Are my diocesan norms for Mass wrong?


#1

My archdiocese has the following instructions for Mass, since late 2011:

*We sit for the Procession with the Gifts, then we stand for the prayer: “May the Lord accept the sacrifice…”

We remain standing until the invocation of the Holy Spirit in the Eucharistic Prayer*, when the priest joins his hands and extends them over the bread and the wine. **At that point, we kneel, **and remain kneeling for the Institution Narrative and the Consecration.

We stand at the words “The Mystery of Faith”, and continue to stand until all have received Holy Communion. Communion is received standing. The sign of reverence before receiving Holy Communion is a simple bow of the head, not a genuflection.

I find this innovation strange. I particularly miss kneeling throughout the whole Eucharistic Prayer, to the Great Doxology. What does the GIRM say? Are individual Catholics of this diocese bound to follow the local norms? Does the universal tradition & law of the Church allow individuals to act out of accord with these local norms? Who exactly do I “obey” in this matter?


#2

In what country do you live?


#3

You are bound to obey your Bishop, until someone with more authority than your Bishop says otherwise.


#4

The US Bishops have an adaptation. I believe that Canada has made no adaptation.[LEFT]43. The faithful should stand from the beginning of the Entrance Chant, or while the Priest approaches the altar, until the end of the Collect; for the Alleluia Chant before the Gospel; while the Gospel itself is proclaimed; during the Profession of Faith and the Universal Prayer; and from the invitation, Orate, fratres (Pray, brethren), before the Prayer over the Offerings until the end of Mass, except at the places indicated here below.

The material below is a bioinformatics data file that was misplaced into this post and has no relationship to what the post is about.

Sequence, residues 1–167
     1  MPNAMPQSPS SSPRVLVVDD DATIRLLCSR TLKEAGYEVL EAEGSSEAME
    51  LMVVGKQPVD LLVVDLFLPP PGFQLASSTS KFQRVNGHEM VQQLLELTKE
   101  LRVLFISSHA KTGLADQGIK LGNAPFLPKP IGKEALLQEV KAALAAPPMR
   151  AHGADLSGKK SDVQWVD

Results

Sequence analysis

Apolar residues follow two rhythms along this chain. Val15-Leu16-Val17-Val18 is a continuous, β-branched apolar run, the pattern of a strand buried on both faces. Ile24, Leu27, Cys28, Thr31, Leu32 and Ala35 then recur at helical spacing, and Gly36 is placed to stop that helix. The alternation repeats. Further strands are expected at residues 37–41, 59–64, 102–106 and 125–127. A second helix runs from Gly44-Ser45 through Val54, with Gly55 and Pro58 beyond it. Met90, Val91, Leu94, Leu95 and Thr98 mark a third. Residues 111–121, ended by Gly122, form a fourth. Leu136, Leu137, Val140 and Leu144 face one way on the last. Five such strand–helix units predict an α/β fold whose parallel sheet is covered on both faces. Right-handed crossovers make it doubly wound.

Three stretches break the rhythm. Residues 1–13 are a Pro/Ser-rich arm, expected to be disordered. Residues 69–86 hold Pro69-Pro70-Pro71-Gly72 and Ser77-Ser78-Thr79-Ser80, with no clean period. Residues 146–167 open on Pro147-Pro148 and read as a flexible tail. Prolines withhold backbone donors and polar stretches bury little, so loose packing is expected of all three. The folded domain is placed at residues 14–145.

[/LEFT]
The faithful should sit, on the other hand, during the readings before the Gospel and the Responsorial Psalm and for the Homily and during the Preparation of the Gifts at the Offertory; and, if appropriate, they may sit or kneel during the period of sacred silence after Communion.

In the Dioceses of the United States of America, they should kneel beginning after the singing or recitation of the Sanctus (Holy, Holy, Holy) until after the Amen of the Eucharistic Prayer, except when prevented on occasion by ill health, or for reasons of lack of space, of the large number of people present, or for another reasonable cause. However, those who do not kneel ought to make a profound bow when the Priest genuflects after the Consecration. The faithful kneel after the Agnus Dei (Lamb of God) unless the Diocesan Bishop determines otherwise.[53]

For the sake of uniformity in gestures and bodily postures during one and the same celebration, the faithful should follow the instructions which the Deacon, a lay minister, or the Priest gives, according to what is laid down in the Missal.
[LEFT]
[/LEFT]
2011 GIRM


#5

the diocesan bishop can prescribe certain practices in line with the cultural disposition of the people. the best thing to do should be to find out from the bishop or chancery what the diocese recommends.


#6

YoungTradCath, I live in Canada. I think our archdiocese is unique in these requirements. I would rather not divulge where I am particularly.

JM3, do the GIRM and the rest of the Catholic Church not count in matters such as these?

Vico, the GIRM section you quote involves kneeling until the final “Amen” of the doxology. This is what our archdiocese did until Advent, 2011.

pacomius, this wasn’t the “cultural disposition of the people” prior to December, MMXI. I wonder if the New Translation of Mass wasn’t just an excuse the liturgical-committee had been looking for, to implement their ideas. There are still many lay-people who continue to kneel after the “Mysterium fidei” acclamation. At any rate, thank you for the recommendation.


#7

I’m in French Canada and we’ve been kneeling from the just before the consecration until the Mystery of the Faith for as long as I can remember.